Commercial Division Blog

Posted: November 12, 2021 / Written by: Jeffrey M. Eilender, Thomas A. Kissane, Samuel L. Butt, Joshua Wurtzel, Channing J. Turner /

Second Department Affirms Summary Judgment Dismissing Breach of Fiduciary Duty Claim Concerning Severance Package

On October 6, 2021, in Glaubach v. Slifkin, 2021 NY Slip Op 05322, Second Department Case Nos. 2018-12718, 2018-12720, and 2019-04182, the Second Department affirmed a Decision and Order of Justice Marguerite Grays, which granted summary judgment to defendants dismissing a breach of fiduciary duty claim concerning a severance package offered to one of the defendants.  The Court explained:

The Supreme Court properly granted that branch of the motion of Slifkin and Balk which was for summary judgment dismissing the tenth cause of action in the amended complaint. In order to establish a breach of fiduciary duty, a plaintiff must prove the existence of a fiduciary relationship, misconduct by the defendant, and damages that were directly caused by the defendant's misconduct (see Stortini v Pollis, 138 AD3d 977, 978-979; Deblinger v Sani-Pine Prods. Co., Inc., 107 AD3d 659, 660). On this branch of their motion, Slifkin and Balk met their prima facie burden of demonstrating that there was no breach of fiduciary duty by them (see generally Alvarez v Prospect Hosp., 68 NY2d 320, 324). They demonstrated that the severance package was agreed to by a special committee of the corporation's board of directors. While employees of the corporation made allegations of sexual harassment against the plaintiff following the package's approval, Slifkin and Balk demonstrated that none of those individuals made allegations of sexual harassment in order to stop the plaintiff from objecting to the severance package offered to Balk. In opposition, the plaintiff failed to raise a triable issue of fact.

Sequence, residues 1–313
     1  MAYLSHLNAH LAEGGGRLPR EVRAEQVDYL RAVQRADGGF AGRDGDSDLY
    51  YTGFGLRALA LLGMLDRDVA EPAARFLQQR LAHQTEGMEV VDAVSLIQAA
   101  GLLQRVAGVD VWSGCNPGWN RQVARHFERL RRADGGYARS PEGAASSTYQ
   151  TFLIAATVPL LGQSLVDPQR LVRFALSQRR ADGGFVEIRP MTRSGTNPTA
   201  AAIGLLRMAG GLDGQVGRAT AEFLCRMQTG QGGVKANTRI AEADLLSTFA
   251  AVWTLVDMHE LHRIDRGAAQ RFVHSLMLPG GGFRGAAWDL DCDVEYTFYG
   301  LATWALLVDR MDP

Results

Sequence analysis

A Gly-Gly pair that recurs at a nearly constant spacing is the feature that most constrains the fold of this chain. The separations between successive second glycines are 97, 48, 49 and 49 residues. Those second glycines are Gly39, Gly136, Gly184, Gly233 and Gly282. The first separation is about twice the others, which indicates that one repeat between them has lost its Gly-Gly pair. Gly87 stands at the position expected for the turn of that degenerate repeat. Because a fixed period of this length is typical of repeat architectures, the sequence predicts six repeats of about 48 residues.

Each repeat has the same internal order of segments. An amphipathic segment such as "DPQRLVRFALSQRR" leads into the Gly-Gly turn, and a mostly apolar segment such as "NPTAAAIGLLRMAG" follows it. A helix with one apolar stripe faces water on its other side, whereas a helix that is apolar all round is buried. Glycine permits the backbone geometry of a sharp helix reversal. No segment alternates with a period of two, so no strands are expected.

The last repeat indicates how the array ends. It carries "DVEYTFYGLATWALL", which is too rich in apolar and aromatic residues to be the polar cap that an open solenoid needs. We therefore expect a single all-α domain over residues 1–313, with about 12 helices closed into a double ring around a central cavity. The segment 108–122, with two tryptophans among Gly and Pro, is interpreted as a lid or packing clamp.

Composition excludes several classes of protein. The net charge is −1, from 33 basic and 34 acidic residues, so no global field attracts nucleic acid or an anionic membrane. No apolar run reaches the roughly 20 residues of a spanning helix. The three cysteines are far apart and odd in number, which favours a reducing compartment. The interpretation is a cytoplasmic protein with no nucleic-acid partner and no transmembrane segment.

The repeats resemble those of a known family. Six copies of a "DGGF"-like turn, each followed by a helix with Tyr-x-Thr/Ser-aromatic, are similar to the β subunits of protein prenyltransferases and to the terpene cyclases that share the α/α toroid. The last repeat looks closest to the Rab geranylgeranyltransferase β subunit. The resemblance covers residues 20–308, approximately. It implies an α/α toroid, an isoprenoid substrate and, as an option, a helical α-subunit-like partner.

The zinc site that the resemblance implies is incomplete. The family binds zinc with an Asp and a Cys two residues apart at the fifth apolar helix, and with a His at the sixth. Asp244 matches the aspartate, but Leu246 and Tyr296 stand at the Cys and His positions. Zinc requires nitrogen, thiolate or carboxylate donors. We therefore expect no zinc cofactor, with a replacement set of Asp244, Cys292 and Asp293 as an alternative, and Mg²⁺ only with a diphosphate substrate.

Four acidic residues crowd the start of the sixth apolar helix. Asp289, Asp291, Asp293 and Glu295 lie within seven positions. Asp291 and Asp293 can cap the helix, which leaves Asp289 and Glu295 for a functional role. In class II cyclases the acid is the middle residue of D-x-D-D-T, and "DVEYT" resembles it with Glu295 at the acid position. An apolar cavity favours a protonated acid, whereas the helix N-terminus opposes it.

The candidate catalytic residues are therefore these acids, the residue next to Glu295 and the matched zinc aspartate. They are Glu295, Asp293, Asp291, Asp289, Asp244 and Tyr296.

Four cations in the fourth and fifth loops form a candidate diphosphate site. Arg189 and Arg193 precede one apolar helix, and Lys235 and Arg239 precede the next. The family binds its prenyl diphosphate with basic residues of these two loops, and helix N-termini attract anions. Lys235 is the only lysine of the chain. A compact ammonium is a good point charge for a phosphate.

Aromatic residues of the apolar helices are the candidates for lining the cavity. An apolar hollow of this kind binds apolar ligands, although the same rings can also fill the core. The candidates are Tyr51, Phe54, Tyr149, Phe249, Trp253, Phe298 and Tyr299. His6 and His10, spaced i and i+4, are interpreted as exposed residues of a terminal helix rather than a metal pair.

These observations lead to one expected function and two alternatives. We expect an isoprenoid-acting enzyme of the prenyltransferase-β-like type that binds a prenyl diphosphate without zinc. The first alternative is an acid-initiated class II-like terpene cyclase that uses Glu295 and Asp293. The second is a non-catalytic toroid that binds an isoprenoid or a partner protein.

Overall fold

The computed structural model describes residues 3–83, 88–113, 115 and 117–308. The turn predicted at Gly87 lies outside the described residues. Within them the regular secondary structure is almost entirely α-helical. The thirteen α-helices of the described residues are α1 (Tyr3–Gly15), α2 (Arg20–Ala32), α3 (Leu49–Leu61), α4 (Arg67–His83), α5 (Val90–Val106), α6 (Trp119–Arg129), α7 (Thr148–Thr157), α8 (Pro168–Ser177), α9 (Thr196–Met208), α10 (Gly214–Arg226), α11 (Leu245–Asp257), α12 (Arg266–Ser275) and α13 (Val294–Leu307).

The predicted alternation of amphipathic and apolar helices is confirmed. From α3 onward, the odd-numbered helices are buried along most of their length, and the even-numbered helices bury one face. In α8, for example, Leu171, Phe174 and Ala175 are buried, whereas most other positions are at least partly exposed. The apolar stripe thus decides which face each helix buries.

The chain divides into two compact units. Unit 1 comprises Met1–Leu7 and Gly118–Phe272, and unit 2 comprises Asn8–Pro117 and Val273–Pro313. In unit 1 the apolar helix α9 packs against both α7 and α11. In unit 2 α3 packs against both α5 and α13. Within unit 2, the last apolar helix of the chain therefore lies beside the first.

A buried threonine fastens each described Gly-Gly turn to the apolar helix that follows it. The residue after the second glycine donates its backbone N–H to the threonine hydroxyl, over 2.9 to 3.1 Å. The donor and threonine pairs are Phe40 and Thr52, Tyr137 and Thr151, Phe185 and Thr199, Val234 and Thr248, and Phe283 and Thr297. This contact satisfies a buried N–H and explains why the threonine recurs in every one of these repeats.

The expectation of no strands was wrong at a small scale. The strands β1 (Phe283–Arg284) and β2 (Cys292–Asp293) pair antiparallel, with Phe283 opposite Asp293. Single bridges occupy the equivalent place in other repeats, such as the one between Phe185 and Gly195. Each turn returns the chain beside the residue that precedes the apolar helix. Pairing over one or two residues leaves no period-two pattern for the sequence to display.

The attorneys at Schlam Stone & Dolan frequently litigate disputes concerning breaches of fiduciary duty.

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